LONDON (Reuters) - Greenhouse gas emissions regulated under Europe’s carbon market fell by 8.7% last year, with a large fall from the power industry helping to offset a small increase from aviation, the European Commission said on Monday.
Around 45% of the European Union’s output of greenhouse gases is regulated by the Emissions Trading System (ETS), the bloc’s flagship policy to tackle global warming by charging for the right to emit carbon dioxide (CO2).
An increase in renewable power generation such as wind and solar led to a 15% fall in power industry emissions covered by the scheme, the Commission said, while industrial emissions were down 2% compared with 2018.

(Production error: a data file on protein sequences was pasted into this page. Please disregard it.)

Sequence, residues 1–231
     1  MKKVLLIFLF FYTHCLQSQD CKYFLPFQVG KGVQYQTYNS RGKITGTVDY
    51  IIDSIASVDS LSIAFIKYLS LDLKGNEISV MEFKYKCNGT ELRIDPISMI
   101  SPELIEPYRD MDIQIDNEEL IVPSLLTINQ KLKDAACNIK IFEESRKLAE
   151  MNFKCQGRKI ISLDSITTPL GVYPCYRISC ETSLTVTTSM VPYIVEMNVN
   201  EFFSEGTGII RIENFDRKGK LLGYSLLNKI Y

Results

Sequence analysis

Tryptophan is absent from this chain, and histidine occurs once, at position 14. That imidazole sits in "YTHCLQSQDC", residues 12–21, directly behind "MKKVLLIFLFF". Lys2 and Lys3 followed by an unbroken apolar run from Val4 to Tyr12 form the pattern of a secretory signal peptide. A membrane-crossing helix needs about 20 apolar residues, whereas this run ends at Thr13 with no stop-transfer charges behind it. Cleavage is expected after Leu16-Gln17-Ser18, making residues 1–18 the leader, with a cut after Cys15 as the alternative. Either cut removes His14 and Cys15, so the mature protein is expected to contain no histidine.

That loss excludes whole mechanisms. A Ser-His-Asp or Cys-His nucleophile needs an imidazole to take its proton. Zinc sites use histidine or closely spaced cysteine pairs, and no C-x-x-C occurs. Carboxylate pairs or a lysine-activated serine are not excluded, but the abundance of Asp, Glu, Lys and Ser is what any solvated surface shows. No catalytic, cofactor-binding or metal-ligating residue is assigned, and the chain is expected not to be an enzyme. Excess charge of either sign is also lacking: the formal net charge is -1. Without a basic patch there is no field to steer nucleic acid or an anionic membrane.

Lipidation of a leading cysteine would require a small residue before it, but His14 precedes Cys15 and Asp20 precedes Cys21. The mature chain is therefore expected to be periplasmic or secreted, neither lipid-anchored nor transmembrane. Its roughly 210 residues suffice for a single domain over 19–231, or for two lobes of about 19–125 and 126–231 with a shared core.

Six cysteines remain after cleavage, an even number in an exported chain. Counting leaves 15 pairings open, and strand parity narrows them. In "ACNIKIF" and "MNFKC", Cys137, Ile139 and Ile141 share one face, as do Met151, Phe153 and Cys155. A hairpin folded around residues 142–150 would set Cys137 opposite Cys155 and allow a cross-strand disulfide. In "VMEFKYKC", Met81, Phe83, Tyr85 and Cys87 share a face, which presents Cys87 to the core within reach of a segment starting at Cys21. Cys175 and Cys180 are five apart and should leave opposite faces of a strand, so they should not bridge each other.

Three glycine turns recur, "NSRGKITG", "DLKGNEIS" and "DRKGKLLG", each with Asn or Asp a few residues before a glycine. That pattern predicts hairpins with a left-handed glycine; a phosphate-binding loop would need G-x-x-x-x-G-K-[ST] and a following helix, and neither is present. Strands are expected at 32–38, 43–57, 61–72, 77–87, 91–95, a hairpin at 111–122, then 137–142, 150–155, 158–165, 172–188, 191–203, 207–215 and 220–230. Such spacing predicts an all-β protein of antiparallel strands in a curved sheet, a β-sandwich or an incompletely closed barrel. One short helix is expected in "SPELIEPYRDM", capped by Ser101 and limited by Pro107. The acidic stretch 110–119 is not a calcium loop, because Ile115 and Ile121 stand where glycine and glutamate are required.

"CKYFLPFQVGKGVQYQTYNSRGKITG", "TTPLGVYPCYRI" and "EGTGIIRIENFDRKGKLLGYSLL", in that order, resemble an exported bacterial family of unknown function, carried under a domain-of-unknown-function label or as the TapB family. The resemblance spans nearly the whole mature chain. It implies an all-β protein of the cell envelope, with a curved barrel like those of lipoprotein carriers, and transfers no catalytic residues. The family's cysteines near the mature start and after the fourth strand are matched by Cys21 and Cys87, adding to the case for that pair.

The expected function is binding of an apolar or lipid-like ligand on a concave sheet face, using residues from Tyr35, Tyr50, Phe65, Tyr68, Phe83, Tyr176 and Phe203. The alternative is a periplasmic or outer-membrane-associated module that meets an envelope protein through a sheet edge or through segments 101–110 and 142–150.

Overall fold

Aviation industry emissions covered by the scheme rose by 1%.
Total verified greenhouse gas emissions from stationary installations, such as power plants and factories, were 1.527 billion tonnes of carbon dioxide equivalent (CO2e) in 2019.
Emissions from the aviation industry were 68.14 million tonnes CO2e, the Commission said.
The figures were in line with analyst expectations published last month, based on raw data.
Globally greenhouse gas emissions are expected to fall further in 2020 as measures designed to prevent the spread of the novel coronavirus have led to the closure of business and factories and reduced power demand.
The International Energy Agency said last week global energy demand could slump by 6% leading to an 8% drop in carbon dioxide emissions.
Reporting By Susanna Twidale. Editing by Jane Merriman